On Thursday, the Social Security Administration (SSA) announced the cost-of-living adjustment (COLA) for Social Security payments based on inflationInflation is when the general price of goods and services increases across the economy, reducing the purchasing power of a currency and the value of certain assets. The same paycheck covers less goods, services, and bills. It is sometimes referred to as a “hidden tax,” as it leaves taxpayers less well-off due to higher costs and “bracket creep,” while increasing the government’s spending power. over the previous year. This has brought renewed attention to how the taxA tax is a mandatory payment or charge collected by local, state, and national governments from individuals or businesses to cover the costs of general government services, goods, and activities. code treats Social Security benefits, which can be a confusing subject for taxpayers.
Each year, SSA adjusts Social Security benefits for inflation, much like how certain aspects of the tax code are indexed for inflation. In 2022, for example, Social Security recipients received a 5.9 percent adjustment. For 2023, the cost-of-living adjustment is expected to rise to about 8.7 percent, driven by unusually high inflation that reduces the nominal value of existing Social Security benefits.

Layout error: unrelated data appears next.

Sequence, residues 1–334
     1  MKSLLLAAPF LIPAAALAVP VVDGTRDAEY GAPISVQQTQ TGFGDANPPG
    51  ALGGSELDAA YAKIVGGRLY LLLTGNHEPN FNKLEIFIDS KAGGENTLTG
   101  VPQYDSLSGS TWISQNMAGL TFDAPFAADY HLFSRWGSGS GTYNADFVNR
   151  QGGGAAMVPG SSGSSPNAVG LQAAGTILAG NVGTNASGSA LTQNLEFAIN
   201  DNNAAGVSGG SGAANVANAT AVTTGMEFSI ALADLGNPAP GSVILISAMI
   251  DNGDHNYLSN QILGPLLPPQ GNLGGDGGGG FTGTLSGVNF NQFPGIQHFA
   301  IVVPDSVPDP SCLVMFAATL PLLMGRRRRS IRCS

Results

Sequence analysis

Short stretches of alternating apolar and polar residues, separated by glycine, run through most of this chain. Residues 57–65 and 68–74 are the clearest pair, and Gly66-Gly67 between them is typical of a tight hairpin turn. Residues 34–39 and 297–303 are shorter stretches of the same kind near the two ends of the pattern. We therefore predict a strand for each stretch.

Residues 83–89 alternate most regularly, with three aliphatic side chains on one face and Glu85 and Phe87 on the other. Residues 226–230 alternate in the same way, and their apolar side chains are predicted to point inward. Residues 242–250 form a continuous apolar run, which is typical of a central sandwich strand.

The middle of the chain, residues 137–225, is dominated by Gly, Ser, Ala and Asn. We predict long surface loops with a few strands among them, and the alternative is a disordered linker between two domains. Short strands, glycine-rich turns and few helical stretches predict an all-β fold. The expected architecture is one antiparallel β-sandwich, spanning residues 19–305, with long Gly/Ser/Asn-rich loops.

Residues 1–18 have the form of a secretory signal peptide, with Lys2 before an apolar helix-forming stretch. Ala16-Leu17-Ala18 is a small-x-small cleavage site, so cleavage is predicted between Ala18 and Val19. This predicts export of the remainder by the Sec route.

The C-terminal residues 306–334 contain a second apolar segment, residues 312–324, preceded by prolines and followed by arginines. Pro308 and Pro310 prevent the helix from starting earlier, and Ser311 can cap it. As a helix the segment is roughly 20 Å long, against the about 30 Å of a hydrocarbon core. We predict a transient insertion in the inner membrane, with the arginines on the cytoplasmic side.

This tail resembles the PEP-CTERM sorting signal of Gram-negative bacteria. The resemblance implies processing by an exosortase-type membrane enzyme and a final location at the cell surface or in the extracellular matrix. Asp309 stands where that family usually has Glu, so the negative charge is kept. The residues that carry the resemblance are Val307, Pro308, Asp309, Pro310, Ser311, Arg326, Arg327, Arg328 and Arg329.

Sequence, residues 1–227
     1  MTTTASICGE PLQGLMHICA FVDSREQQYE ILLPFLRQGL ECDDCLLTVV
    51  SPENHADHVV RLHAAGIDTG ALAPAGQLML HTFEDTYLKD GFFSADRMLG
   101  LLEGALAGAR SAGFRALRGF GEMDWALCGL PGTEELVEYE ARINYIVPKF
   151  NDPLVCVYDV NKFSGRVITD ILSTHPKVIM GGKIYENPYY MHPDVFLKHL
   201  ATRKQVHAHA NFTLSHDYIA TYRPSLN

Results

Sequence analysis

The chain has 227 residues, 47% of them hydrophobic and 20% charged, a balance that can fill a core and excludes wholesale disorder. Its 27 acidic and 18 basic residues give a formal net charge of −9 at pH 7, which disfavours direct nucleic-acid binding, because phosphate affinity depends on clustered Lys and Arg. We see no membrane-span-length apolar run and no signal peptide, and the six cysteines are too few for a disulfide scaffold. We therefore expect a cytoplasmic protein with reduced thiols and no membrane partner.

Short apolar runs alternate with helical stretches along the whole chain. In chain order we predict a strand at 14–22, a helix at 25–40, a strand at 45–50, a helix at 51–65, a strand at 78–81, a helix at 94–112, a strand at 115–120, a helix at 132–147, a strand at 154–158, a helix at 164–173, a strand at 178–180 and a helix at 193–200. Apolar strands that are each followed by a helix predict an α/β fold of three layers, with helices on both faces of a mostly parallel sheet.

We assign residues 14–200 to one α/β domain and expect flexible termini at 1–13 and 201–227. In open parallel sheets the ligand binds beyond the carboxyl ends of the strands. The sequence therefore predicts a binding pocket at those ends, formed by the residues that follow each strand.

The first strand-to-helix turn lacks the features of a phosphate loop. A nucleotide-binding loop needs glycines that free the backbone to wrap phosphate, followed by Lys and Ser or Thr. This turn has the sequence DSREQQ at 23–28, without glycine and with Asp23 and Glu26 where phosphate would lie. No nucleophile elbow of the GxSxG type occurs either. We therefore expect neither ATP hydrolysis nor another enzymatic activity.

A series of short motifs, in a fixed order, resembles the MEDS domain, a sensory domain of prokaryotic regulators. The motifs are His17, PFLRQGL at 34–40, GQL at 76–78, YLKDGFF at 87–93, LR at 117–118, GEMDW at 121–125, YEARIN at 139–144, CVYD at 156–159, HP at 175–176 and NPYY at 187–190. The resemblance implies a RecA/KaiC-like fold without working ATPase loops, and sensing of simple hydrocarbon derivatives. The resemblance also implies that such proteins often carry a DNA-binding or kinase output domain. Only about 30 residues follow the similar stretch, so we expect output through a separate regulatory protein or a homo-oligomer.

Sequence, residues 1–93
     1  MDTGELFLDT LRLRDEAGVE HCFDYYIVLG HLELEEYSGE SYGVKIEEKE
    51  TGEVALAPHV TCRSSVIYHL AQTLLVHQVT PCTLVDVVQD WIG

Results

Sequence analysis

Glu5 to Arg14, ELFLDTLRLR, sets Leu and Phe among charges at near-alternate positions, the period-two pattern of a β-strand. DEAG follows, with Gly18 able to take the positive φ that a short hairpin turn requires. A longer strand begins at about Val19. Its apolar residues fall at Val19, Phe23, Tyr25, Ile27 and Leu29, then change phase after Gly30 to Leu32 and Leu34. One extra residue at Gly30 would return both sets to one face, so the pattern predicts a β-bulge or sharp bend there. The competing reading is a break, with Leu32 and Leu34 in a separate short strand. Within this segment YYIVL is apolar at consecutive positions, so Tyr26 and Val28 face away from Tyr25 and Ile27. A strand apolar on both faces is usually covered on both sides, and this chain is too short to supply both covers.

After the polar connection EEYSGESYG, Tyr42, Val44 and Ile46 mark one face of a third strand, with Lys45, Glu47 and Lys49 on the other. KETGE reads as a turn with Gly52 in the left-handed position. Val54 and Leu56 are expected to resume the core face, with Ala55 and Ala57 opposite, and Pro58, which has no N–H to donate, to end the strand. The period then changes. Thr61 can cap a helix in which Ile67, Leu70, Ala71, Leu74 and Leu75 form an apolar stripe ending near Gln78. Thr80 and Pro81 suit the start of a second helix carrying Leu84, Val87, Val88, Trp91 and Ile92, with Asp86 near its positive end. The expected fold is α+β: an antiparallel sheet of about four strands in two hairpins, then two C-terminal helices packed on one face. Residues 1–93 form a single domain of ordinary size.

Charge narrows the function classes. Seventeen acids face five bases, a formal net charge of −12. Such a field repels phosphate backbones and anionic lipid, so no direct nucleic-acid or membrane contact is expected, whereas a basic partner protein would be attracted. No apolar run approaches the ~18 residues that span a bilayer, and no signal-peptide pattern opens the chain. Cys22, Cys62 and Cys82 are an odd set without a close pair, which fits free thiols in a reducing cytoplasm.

The tax treatment of Social Security benefits is complicated and can trip up taxpayers and tax experts alike. That’s because the tax code treats Social Security benefits differently from other types of income. First, taxpayers calculate their “combined income,” defined as their adjusted gross income (AGI)Adjusted gross income (AGI) is a taxpayer’s total income minus certain “above-the-line” deductions. It is a broad measure that includes income from wages, salaries, interest, dividends, retirement income, Social Security benefits, capital gains, business, and other sources, and subtracts specific deductions. , tax-exempt interest income, and half of their Social Security benefits.
Taxpayers who earn less than $25,000 (single filers) or $32,000 (joint filers) in combined income pay no tax on their benefits. Households earning between those thresholds and up to $34,000 (single filers) or $44,000 (joint filers) pay tax on up to 50 percent of their benefits. Above those levels, up to 85 percent of benefits are taxed.
The combined income thresholds were originally established in 1984 and updated in 1993, but have not been indexed for inflation. This means that a larger portion of Social Security benefits will be taxed over time due to bracket creepBracket creep occurs when inflation pushes taxpayers into higher income tax brackets or reduces the value of credits, deductions, and exemptions. Bracket creep results in an increase in income taxes without an increase in real income. Many tax provisions—both at the federal and state level—are adjusted for inflation. , especially true in a time of high inflation.